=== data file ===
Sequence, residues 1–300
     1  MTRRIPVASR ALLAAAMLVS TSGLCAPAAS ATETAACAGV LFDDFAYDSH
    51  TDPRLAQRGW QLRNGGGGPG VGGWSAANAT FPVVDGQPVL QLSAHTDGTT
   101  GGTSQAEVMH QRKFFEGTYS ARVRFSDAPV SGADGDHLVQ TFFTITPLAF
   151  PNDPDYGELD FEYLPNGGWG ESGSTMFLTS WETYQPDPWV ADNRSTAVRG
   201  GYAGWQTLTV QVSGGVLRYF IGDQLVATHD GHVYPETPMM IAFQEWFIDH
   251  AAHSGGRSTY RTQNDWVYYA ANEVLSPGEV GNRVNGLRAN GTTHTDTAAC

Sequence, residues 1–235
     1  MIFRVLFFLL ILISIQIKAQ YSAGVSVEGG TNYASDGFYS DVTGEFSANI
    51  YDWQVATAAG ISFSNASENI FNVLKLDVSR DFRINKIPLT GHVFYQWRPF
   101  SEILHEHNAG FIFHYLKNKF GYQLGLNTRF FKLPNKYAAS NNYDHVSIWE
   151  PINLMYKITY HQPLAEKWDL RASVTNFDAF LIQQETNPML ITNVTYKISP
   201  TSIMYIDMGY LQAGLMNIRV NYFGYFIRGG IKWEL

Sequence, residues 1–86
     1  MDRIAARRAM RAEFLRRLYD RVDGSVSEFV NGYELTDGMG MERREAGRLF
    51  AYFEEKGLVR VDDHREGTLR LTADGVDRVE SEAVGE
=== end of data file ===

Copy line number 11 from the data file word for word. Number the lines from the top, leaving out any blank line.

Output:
   101  SEILHEHNAG FIFHYLKNKF GYQLGLNTRF FKLPNKYAAS NNYDHVSIWE